San Francisco - The recession has not prompted many people to change their behavior and start saving more for retirement, according to a new survey.

The quarterly survey by Charles Schwab found that many Americans are neither financially nor emotionally ready for retirement, even as they approach retirement age. Almost four in 10 Americans (39 percent) are not currently saving for retirement and, despite market losses, six in 10 Americans (62 percent) have not adjusted their thinking about what age they will retire - nearly unchanged from Schwab's first quarterly retirement pulse survey in September 2008, months before the recession was officially declared.

Survey respondents estimate they will need just over $1.2 million to comfortably retire, yet those currently saving for retirement have put away an average of $194,000. Despite this awareness, 41 percent of Americans feel positively about their retirement preparedness and another 22 percent feel indifferent.

A deeper look at those closest to retirement (ages 55-63) shows a gap between planning and reality, as 30 percent used "contentment" to describe their retirement preparedness, despite insufficient funds. Fifty-one percent of 55-to-63-year-olds surveyed have saved less than $500,000, though they most commonly believe they will need $2,000,000 to retire comfortably.

To help bridge the $1,500,000 gap, 52 percent of this group are thinking they will retire later than planned, while 47 percent report that they have not changed their thinking about retirement.

Among respondents aged 18-34, 35 percent feel "indifferent" when it comes to their retirement preparedness, with 11 percent citing "fear" and another 9 percent responding with "anxiety." Almost three in four (73 percent) assert that, despite the economy, they haven't changed their thinking about when they will retire. Additionally, nearly six in 10 (59 percent) of those 18-34 confess they are not currently saving for retirement. Among savers, an average of just $23,000 has been set aside for retirement purposes.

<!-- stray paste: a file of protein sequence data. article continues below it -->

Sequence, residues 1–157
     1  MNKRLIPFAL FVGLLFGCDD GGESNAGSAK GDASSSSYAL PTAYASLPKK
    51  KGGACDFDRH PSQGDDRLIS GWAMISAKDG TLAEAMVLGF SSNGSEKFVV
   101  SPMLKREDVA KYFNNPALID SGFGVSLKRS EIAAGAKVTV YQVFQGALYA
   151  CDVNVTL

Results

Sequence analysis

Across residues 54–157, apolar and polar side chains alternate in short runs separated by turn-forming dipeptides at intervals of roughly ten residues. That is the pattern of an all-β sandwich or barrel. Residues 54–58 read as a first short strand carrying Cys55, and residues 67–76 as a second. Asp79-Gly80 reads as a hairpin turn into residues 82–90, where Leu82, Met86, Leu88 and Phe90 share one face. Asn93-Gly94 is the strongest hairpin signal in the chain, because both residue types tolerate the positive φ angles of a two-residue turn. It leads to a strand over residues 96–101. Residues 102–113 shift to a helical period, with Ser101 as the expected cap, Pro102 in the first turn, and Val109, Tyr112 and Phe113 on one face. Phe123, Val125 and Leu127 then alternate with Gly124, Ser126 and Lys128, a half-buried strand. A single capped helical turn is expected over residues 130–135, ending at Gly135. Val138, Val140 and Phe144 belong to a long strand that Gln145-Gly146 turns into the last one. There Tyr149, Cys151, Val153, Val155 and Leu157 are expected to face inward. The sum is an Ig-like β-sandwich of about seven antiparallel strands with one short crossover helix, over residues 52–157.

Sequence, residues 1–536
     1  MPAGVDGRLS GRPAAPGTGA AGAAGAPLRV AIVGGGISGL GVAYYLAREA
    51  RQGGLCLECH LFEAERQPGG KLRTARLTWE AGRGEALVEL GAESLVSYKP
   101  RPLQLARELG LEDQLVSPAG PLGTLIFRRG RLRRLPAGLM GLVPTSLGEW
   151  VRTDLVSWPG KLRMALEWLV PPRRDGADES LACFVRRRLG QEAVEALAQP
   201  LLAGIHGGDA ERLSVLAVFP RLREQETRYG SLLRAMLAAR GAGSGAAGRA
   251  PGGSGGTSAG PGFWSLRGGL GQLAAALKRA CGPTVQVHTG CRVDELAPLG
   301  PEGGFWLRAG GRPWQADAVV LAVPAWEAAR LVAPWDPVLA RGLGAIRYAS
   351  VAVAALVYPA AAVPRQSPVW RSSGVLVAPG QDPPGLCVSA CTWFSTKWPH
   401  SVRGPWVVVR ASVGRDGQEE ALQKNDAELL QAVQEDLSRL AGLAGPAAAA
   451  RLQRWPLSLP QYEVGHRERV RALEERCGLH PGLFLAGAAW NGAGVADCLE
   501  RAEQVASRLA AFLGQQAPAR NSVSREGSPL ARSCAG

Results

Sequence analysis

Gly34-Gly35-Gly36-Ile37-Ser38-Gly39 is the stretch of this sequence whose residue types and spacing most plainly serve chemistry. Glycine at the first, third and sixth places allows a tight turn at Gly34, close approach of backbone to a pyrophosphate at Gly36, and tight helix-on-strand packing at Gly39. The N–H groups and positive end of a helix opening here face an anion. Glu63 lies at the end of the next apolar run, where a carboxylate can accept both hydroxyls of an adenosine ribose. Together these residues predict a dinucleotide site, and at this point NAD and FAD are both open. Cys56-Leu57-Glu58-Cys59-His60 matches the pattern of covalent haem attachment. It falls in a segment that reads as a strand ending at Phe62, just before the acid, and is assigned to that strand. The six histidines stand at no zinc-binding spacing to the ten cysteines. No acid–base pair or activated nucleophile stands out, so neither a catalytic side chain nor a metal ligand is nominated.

The Securities and Exchange Commission has proposed rule amendments to substantially increase protections for investors who entrust their money to investment advisors, including a yearly "surprise" exam of investment advisors performed by an independent public accountant to verify client assets. The SEC's proposed amendments, if adopted, would promote independent custody and enable independent public accountants to act as third-party monitors.


Most U.S. employees are not changing their savings strategies and habits, according to a study conducted by management and human resources consultancy Hewitt Associates, which showed that three quarters (74 percent) of employees participated in their 401(k) plan in 2008, consistent with previous years' findings. The average contribution rate dropped only marginally, from 7.7 percent in 2007, to 7.4 percent in 2008. In fact, more employees increased their saving last year (15.4 percent) than decreased it (14.9 percent). Just 4.8 percent stopped contributing in 2008.

Other key findings include:

* Employee hardship withdrawals increased by 18 percent in 2008. The number of employees taking out 401(k) loans (23.1 percent) in 2008 remained similar to levels in prior years.

* Half of participants now invest in pre-mixed funds - including target-date and target-maturity funds - when available, up from 40 percent in 2005. Younger workers are much more likely to use them: 64 percent of 20-to-29-year-olds, compared to 43 percent of workers in their 50s and 39 percent of those 60 or over.

The study can be accessed at


Practice management concern Quantuvis Consulting has introduced a Best Practices Study Series that will be made available free of charge to financial advisors. Sponsored by Genworth Financial Wealth Management, the study, which focuses on business performance, is designed to deliver relevant business intelligence that will enable advisors to build better, more profitable businesses.

For more, visit

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